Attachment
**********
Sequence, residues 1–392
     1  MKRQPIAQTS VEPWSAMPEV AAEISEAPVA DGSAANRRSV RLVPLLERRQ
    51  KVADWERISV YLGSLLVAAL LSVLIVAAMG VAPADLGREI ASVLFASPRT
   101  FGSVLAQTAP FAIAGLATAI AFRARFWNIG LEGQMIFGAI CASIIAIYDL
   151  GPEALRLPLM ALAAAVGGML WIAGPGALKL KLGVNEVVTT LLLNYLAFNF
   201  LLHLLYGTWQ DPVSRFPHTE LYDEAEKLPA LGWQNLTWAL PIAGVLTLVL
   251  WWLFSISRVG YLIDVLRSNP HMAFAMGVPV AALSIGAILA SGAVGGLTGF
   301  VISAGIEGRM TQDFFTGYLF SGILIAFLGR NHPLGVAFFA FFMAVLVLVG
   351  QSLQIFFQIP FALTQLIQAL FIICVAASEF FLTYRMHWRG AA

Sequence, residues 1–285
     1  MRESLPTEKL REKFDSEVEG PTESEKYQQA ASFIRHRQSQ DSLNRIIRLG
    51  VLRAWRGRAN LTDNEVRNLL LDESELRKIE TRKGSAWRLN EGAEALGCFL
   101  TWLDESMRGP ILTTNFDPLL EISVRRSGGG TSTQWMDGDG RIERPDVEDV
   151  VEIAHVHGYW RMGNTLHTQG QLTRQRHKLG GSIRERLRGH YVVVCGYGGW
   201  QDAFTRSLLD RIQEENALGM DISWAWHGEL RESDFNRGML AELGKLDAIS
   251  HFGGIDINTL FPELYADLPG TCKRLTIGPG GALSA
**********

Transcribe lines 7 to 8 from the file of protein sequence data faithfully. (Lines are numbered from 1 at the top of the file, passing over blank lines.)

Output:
   251  WWLFSISRVG YLIDVLRSNP HMAFAMGVPV AALSIGAILA SGAVGGLTGF
   301  VISAGIEGRM TQDFFTGYLF SGILIAFLGR NHPLGVAFFA FFMAVLVLVG